Success comes to Taylor

Photo by Sue Suchyta The Success Virtual Learning Center in Taylor has computers and teaching support to help students reach their learning goals.

Photo by Sue Suchyta
The Success Virtual Learning Center in Taylor has computers and teaching support to help students reach their learning goals.

Sunday Times Newspapers

TAYLOR – Success has come to town with a Virtual Learning Center, which works with public schools to help at-risk high school students earn credits online and on site with staff support.

Success VLC, with 23 locations throughout Michigan, helps students, age 14 to 21, complete high school credits needed to graduate, and meets Michigan Merit Curriculum requirements. Co-founder Dallas Bell said Success VLC served 2,700 students last year, and expect to reach 3,000 students this year.

The Taylor location, 24680 Eureka, provides a physical location with computers and staff support for students, who are given laptops and a mobile hot spot to do coursework at any location, at any time.

The program also helps students who have physical or mental health issues which make a traditional school environment challenging, as well as students who work or have family members for whom they must care. It also provides home-schooled students with curriculum support.

Bell said when he was working as a special education teacher and as a reserve police officer seven years ago, he saw students who left school and did not make good choices for their future.

“I thought if we could find a way to help them earn their high school diploma, they would have a chance to not only make a difference for their family, but for the community they live in,” he said.

Bell said they started the first virtual learning center in Greenville with 12 students, and as it grew, other communities asked for help setting up programs.

“We focus on outcomes and what the kids need,” he said.

Bell said some students come to the center when they are credit deficient and at risk of not graduating with their high school class. Others who left school may have a job and cannot get back into a traditional school situation without losing their source of income. Still others may have mental health issues.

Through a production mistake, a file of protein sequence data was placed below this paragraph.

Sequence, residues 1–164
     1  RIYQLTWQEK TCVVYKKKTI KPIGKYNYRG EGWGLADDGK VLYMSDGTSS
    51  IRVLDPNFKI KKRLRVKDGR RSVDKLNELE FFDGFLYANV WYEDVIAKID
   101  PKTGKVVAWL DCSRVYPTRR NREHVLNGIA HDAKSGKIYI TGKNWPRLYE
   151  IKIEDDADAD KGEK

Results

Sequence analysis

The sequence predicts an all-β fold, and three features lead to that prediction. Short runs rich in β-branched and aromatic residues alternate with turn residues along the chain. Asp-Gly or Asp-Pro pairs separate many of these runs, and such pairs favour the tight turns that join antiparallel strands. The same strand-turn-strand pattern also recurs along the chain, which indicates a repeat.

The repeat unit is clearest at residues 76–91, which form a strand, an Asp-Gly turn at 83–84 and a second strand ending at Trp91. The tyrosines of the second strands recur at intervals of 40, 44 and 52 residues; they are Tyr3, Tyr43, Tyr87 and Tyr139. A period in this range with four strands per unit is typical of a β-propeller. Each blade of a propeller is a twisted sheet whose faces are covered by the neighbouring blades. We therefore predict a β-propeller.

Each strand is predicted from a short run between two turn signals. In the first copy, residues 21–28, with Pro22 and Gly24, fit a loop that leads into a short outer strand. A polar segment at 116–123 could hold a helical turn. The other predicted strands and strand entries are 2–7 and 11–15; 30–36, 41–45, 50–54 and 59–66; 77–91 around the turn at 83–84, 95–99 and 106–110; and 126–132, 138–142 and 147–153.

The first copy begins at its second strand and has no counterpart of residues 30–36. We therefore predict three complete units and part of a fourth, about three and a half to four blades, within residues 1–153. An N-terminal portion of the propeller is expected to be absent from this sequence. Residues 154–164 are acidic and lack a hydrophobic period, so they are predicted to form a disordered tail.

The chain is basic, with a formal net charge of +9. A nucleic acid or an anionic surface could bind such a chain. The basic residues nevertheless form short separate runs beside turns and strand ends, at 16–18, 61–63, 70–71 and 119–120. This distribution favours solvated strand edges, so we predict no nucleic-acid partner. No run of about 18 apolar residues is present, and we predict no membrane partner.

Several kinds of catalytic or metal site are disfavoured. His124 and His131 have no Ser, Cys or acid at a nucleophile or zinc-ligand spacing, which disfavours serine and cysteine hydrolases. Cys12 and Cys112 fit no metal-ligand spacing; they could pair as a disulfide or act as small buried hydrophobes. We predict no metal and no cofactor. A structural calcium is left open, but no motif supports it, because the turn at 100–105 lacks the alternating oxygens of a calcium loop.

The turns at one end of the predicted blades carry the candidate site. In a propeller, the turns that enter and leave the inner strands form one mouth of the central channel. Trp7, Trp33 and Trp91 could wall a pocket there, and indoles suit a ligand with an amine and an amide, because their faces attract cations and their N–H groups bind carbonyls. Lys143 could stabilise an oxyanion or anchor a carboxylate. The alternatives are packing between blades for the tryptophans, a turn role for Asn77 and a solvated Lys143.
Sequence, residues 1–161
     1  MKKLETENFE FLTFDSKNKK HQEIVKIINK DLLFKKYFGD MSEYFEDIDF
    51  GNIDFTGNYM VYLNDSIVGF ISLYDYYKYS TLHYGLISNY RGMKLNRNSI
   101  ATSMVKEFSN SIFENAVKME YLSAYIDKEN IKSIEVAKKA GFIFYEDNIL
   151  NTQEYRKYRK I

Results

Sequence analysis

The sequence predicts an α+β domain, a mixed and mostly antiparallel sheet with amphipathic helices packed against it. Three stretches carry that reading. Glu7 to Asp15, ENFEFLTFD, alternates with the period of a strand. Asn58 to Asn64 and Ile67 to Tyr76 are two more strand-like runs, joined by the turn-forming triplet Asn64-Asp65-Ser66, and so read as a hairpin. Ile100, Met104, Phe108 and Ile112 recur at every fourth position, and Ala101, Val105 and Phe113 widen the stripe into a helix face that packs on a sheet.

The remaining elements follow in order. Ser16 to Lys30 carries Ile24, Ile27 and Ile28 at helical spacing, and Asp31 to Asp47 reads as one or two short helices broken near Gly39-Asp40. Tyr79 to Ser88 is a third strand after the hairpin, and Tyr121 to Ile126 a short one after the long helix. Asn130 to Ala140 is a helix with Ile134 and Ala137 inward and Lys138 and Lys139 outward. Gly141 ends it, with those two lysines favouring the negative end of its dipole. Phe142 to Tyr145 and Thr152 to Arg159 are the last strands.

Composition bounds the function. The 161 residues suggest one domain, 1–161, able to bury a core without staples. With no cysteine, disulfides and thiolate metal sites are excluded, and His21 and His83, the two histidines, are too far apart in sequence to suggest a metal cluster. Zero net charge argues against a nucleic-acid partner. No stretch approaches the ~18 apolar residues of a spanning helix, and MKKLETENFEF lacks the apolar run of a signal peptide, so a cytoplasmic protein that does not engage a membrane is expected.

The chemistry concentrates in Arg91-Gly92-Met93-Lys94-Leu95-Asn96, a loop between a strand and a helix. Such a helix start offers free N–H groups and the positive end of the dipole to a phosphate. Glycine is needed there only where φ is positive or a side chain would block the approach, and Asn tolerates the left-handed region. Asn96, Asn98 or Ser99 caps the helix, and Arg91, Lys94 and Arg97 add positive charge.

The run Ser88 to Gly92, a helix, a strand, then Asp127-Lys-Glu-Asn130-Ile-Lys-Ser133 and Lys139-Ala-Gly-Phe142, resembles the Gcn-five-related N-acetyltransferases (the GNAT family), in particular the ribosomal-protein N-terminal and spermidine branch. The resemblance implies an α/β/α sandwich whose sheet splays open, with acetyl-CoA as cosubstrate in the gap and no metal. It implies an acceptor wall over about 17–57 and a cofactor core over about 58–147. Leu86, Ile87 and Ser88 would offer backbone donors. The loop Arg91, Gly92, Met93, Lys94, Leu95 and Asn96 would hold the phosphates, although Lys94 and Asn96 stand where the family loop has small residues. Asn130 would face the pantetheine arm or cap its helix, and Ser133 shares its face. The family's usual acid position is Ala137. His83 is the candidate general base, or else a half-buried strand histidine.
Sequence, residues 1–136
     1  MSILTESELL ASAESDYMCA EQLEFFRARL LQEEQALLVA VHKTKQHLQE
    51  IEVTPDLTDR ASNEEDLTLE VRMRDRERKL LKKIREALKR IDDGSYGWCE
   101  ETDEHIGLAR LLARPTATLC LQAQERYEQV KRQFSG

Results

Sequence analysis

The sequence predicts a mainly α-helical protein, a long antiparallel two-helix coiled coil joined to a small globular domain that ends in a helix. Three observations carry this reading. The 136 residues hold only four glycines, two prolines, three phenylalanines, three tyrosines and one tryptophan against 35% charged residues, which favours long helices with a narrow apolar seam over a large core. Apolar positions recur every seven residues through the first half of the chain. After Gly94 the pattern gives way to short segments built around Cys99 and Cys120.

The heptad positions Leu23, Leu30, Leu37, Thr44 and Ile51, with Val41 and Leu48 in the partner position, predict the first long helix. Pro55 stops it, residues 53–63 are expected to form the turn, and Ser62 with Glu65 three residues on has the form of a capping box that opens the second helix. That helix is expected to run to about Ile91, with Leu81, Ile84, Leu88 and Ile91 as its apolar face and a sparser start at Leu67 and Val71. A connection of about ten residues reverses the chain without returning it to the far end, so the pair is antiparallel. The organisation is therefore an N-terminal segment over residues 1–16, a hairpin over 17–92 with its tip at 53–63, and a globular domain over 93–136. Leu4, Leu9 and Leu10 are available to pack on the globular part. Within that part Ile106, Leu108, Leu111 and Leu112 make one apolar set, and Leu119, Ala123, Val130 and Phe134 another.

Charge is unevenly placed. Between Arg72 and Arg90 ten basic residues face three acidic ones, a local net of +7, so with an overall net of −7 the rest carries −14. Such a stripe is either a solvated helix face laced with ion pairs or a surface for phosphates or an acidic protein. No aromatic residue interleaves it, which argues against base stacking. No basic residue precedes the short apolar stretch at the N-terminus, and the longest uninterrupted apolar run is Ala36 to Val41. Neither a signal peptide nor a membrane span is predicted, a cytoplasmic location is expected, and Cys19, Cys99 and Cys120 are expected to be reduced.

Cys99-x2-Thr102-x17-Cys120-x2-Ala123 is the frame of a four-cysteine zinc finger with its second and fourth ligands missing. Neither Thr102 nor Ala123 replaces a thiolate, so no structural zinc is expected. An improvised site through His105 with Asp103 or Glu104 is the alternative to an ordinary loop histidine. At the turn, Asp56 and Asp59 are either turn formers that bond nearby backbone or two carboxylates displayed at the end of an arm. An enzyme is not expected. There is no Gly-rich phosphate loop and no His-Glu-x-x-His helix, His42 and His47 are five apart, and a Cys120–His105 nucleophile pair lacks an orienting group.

“Most of them have been out in the real world, and realize without a high school diploma it is hard to move ahead or make a living,” Bell said.

He said state full-time equivalency funding covers the program cost.

Potential VLC student Alexus Watson, 17, of Taylor, said she needs a learning program that allows her to take care of her 4-month-old daughter, Autumn.
Prospective enrollee Sam Crump, 18, of Wyandotte, who left high school during her junior year, said her goal is to earn a high school diploma. She said she learned about the program through social media, and being able to work at her own pace and around her work schedule appealed to her.

“I work full-time, and I have to work around that,” said Crump, who is a Tim Hortons supervisor. “I have to go to work early in the morning, so I’ll work (on classes) in the afternoon and at night.”

After getting her high school diploma, Crump said she hopes to study fine arts in college, with the goal of becoming an illustrator and a writer.

Success VLC Regional Director Jamie Dunn said the center will operate from 8 a.m. to 3 p.m., and may extend its hours to 5 p.m., but students are not required to go to the building, and may work remotely. He said students work on one class at a time.

“When they come into the center, it could be because they need help, or they need a nice, safe place to come, or for any reason,” Dunn said. “They concentrate on one subject at a time. For a lot of our students, a traditional system is not working for them. One class at a time works just beautifully.”

Dunn said virtual learning centers provide students with choices. The Taylor location has 40 computer work stations, and they expect 10 percent of the students to come in to the actual center building, while the rest will work remotely.
“The traditional model that you and I have gone through hasn’t worked for a lot of kids,” Dunn said. “We just want to let them know that there are options for them.”

Co-founder Anita Bell said her daughter’s struggle with dyslexia taught her first-hand the challenges some students face in a traditional environment.

“All our kids learn differently, so let’s teach them differently,” she said. “This is more one-on-one tutoring support, we treat them as an individual and we care about them.”

Mayor Rick Sollars said it is exciting to have Success VLC in Taylor.

“It is a fantastic opportunity and it is a beautiful building, and they have obviously made a big commitment to the city and the program,” he said. “I think it is a great start and they are going to be fantastic.”

For more information about Success Virtual Learning Centers go to

(Sue Suchyta can be reached at